In his recent column How the Congress Lost the diaspora (Past & Present, September 28), historian Ramachandra Guha suggests that the Congress has ‘lost’ its following among the Indian diaspora because of lack of planning and administrative inefficiencies on its part.
So, according to Guha, whereas the BJP has managed to build and consolidate links with overseas Indians through sustained interaction and concrete measures to further its own agenda, the Congress has failed at these tasks.
Ironically, he suggests, the BJP has successfully implemented measures to win over the support of diasporic Indians through strategies that were part of the Congress agenda dating from the early 20th century. This, he rightly concludes, has led to a narrowing of Indian identity to a Hindu one among diasporic populations.
Guha’s discussion is based on his interactions with Indian-origin migrants in the US, but it could be generalised to several other countries where Indians have settled.
However, this may be only part of the story and perhaps not the most significant one in terms of understanding why there are many thousands of websites when one searches for organisations and networks that provide different kinds of support to the BJP, but hardly any when searching for their Congress counterparts.
Among the diaspora, the Congress has been defeated not simply by better organisation and management techniques, but a complex of factors that relate to the management of diasporic identities and overseas selves.
First, for financially successful NRIs in the West (which forms the core of the BJP’s overseas constituency), ‘Indian-ness’ is primarily a cultural issue. That is, what it is to be an Indian in the US is quite different from its meanings in India. So, for example, struggles to ameliorate caste discrimination, and activism that addresses gender bias, rights at work and environmental degradation do not normally constitute NRI notions of Indian-ness.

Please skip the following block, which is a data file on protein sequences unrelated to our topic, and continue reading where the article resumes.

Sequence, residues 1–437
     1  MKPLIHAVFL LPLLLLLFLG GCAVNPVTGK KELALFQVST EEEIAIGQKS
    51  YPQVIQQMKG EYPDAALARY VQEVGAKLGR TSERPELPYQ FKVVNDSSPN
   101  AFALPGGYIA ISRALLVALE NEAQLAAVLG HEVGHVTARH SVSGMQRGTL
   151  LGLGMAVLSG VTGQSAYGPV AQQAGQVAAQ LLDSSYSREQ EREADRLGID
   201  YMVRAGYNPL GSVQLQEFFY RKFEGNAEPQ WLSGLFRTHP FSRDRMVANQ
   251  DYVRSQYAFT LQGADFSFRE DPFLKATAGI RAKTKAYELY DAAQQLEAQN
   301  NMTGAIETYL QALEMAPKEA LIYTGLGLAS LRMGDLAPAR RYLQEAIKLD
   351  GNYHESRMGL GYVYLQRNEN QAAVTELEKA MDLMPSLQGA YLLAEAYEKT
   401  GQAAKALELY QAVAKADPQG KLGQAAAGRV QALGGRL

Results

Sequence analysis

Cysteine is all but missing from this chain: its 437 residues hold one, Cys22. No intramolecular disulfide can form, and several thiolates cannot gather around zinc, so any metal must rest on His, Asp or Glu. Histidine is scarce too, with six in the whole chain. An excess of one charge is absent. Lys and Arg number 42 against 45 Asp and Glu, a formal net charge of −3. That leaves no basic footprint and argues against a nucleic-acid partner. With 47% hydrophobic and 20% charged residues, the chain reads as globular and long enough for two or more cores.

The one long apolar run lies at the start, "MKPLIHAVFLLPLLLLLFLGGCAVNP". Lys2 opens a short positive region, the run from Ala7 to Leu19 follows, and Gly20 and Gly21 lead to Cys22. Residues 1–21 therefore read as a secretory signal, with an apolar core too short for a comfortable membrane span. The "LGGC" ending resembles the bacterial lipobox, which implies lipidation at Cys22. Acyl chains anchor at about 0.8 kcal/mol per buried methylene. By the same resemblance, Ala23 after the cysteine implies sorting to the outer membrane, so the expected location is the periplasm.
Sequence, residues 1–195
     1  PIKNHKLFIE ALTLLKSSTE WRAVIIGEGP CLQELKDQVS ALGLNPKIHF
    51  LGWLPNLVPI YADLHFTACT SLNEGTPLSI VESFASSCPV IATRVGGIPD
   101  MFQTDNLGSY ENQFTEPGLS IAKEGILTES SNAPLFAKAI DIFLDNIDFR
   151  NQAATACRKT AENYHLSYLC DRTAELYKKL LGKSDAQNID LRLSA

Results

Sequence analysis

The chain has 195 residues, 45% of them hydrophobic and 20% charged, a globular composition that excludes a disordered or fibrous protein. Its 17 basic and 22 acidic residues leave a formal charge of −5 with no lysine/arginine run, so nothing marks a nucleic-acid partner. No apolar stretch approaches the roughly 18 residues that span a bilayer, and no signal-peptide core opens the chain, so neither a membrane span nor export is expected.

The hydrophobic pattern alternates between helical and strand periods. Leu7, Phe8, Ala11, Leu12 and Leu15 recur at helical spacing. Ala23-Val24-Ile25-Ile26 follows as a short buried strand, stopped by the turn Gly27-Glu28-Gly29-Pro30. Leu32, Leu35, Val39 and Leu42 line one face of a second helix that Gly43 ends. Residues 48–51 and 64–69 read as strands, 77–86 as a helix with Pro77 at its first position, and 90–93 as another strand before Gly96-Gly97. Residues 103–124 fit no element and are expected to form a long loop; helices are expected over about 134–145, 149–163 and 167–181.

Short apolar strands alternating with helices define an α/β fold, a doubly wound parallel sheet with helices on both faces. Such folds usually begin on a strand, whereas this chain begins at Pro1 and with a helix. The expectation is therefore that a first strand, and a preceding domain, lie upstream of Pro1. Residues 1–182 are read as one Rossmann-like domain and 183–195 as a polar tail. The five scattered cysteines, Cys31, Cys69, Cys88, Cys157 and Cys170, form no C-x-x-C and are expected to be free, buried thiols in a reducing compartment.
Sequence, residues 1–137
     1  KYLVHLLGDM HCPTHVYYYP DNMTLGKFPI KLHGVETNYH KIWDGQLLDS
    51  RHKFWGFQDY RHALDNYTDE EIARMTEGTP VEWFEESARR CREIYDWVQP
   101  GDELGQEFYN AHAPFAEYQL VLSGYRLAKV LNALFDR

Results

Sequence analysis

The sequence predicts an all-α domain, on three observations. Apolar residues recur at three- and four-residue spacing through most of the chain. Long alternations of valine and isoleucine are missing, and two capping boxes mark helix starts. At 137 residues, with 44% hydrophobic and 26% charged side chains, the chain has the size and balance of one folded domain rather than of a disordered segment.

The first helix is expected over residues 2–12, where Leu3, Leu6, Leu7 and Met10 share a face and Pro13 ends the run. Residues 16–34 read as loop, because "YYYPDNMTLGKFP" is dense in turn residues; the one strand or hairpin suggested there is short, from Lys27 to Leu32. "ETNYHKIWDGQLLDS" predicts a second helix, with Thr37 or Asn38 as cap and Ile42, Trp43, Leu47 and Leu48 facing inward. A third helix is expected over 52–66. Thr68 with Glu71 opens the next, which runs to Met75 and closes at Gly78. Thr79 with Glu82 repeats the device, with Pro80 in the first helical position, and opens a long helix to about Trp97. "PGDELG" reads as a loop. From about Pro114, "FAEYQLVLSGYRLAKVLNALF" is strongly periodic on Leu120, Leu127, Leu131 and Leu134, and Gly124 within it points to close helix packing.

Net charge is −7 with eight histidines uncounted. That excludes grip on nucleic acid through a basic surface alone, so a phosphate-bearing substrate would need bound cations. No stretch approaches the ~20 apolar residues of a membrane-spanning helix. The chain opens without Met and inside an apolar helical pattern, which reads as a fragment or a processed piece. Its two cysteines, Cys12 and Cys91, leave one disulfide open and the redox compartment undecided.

Their Indian-ness is one of Indian cuisine, music, art, architecture, religion and rituals. An Indian political party that primarily presents itself (and India) as a homogeneous cultural entity already has a foot in the diasporic household.
Second, among the diaspora, not only is India primarily understood in exclusively cultural terms, it is also understood in specific cultural terms such as ‘an ancient and great civilisation’ that can trace its ‘pure’ history through time, unsullied by ‘outside’ influences and with an internal coherence that can be clearly demonstrated.
Here, again, an Indian organisation (and it need not be only a political party) that speaks this language is at an advantage.
Indian identity in the US is fundamentally linked to its relation to the American cultural sphere, rather than a straightforward relationship with India.
For, a notoriously insular America understands the rest of the world through easily digestible American categories. Religion as an aspect of Indian-ness in America finds place both as personal belief as well as a public tool for securing community identity.
It is a response to and related to the demands of American identity politics.
Finally, there is the issue of diasporic anxiety about identity: It is an anxiety that is not present in the same way among Indians in India.
For, contemporary NRI populations fret over the authenticity of Indian-ness in a manner that non-NRIs need not.
So, while wearing western clothing and eating pizza in India is, increasingly, just another aspect of being Indian in a changing world, NRI parents will frequently ensure that their children continue to practise arcane rituals to demonstrate (and ‘hold-on’ to) Indian culture.
The success of the BJP lies in addressing the anxieties of diasporic identities. It lies in the promise of being able to possess both ‘tradition’ and ‘modernity’, where such traditions will be easily recognisable as having an ancient and unchanging past.
It is the promise of arranged love marriages. Modern organisational and communication techniques — business networks and the internet, for example — are just part of the story of the BJP’s success among the diaspora.
(Sanjay Srivastava is professor of sociology, Institute of Economic Growth, Delhi University. The views expressed by the author are personal.)